Before buying a boat, think carefully about the practical considerations such as mooring, maintenance, location as well as what you and those with you – maybe family, or racing friends or maybe you are a solo sailor – intend to use it for. Have a look at the range of boats before you buy – boat shows (new and second-hand) are good places to see what is available. Try not to fall in love – use your head not your heart!
Do your homework on costs and be realistic – mooring, fuel, harbour dues, slipping, cleaning, servicing the engine, winterising, lifejackets, liferaft and servicing, insurance, maintenance and repairs, new bits of kit …
Using a professional broker – someone who has undertaken training, such as the ABYA 2-day intensive Yacht Brokerage course – will ensure you get the right advice on legal title (ownership), VAT and RCD status. These are all important documents and will assist you if you want to go into Europe, with your insurance and eventually when you come to sell. Buying privately may seem like the cheaper option, but if the boat falls apart the day after you buy it you may have no recourse against the seller.
Documents to look out for:
Builders Certificate – May be missing on older boats, but helps prove the boat was built before 1985 for VAT requirement and/or 1998 for RCD compliance.
Bills of Sale - One between each change of owner passing “Title” of the boat - evidence the person selling it owns it. You will need 5 years title evidence if you wish to register the boat on Part 1 of the British Registry. The history also shows if the boat has been sold outside of the EU – this renders the VAT-paid status invalid and VAT is due again on re-entry to the UK/EU.
Outstanding Finance – Finance travels with the boat and becomes your debt if it isn’t paid off. Brokers can arrange to pay off the mortgage on completion. Ensure the vendor signs a Sale and Purchase Agreement which states there are no outstanding fees or encumbrances. At least you can sue for fraud. However, this is small comfort if you cannot find the vendor again … RYA has a standard document for private sales.
VAT - Boats built in the EU or coming into the EU since 1985 should have evidence VAT has been paid. Any company selling a boat should provide a VAT invoice as for any other new or second-hand goods. See HMRC Customs Notice 8 for more information.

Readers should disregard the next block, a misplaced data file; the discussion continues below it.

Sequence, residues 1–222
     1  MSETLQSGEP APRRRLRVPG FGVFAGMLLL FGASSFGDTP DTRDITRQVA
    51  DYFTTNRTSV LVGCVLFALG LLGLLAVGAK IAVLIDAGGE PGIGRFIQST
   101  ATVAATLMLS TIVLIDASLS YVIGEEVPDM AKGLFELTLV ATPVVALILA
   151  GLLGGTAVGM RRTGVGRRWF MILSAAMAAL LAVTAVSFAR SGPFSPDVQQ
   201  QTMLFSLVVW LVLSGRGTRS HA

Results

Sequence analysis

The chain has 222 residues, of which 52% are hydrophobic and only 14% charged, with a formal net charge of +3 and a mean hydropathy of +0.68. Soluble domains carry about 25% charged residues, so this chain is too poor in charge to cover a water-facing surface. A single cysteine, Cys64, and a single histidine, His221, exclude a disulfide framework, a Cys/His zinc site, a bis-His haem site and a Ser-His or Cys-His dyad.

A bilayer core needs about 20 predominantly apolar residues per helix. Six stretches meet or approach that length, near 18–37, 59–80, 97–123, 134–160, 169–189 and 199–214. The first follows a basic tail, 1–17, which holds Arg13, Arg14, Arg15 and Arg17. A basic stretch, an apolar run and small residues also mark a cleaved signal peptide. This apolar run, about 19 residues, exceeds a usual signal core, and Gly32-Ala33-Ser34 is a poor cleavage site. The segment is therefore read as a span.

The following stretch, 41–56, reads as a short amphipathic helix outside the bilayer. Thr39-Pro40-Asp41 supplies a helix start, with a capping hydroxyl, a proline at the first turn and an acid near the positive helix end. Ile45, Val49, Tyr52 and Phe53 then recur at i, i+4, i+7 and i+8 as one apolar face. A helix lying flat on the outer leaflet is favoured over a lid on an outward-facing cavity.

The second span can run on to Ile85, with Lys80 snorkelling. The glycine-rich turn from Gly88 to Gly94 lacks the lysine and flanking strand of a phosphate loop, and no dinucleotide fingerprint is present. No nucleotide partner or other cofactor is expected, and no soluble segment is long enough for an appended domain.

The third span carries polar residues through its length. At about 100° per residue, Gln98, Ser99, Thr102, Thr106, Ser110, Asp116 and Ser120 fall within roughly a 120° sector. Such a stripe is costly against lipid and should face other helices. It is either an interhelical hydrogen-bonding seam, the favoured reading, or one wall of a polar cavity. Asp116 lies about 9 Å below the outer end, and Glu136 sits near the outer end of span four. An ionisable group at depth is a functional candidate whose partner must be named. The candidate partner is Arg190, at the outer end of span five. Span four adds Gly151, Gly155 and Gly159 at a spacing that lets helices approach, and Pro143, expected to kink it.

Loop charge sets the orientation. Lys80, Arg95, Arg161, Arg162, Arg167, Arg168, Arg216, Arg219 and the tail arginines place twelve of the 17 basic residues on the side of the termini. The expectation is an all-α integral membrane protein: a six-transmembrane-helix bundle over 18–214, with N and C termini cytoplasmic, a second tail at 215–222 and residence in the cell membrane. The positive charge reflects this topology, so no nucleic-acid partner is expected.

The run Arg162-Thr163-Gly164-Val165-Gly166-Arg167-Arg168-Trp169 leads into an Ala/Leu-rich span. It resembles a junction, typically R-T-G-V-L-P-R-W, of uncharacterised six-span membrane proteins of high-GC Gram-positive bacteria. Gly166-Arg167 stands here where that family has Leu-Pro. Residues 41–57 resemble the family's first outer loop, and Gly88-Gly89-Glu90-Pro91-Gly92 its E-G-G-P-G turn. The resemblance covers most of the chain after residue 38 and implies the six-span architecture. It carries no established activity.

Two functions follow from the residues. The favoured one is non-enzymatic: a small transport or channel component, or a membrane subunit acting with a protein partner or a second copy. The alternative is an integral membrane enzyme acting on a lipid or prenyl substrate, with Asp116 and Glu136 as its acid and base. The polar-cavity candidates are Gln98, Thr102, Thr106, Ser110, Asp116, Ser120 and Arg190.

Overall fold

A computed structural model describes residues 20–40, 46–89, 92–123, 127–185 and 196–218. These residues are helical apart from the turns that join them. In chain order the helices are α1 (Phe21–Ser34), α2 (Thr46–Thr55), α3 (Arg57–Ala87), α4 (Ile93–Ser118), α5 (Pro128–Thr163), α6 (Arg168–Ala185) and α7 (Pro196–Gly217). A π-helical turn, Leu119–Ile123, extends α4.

Recreational Craft Directive (RCD) - Boats built in the EU or coming into the EU since 1998 require a compliance certificate valid at the date they were put on the market in the EU. There should be a CE plate fixed to the boat. The Hull/Craft Identification Number (HIN/CIN) should match up with the information on the CE plate. The compliance certificate may be at the back of the Owner’s Manual.
Survey – it is important to find out the condition of the boat. Don’t find out too late that the cost of repairs is more than the value of the boat unless you know you are buying a project. Use a member of a professional organisation as they will have PI insurance. Don’t be tempted to skip the survey – you will probably need one for insurance anyway. The report will identify any defects with the boat – bear in mind that it is not a new boat and there will be some things wrong. But your surveyor will advise whether they are important, can be done at the next maintenance or are cosmetic. Most surveyors are not marine engineers, so consider having a specialist marine engineer look at the engine, especially if it is a motor boat. Similarly with spars and rigging. But most of all - be realistic in your expectations! Before buying your dream boat, read some articles on Boat Buyers Guide, for any types of boats like the fishing boat or luxury yacht or Personal Watercraft Boats etc.
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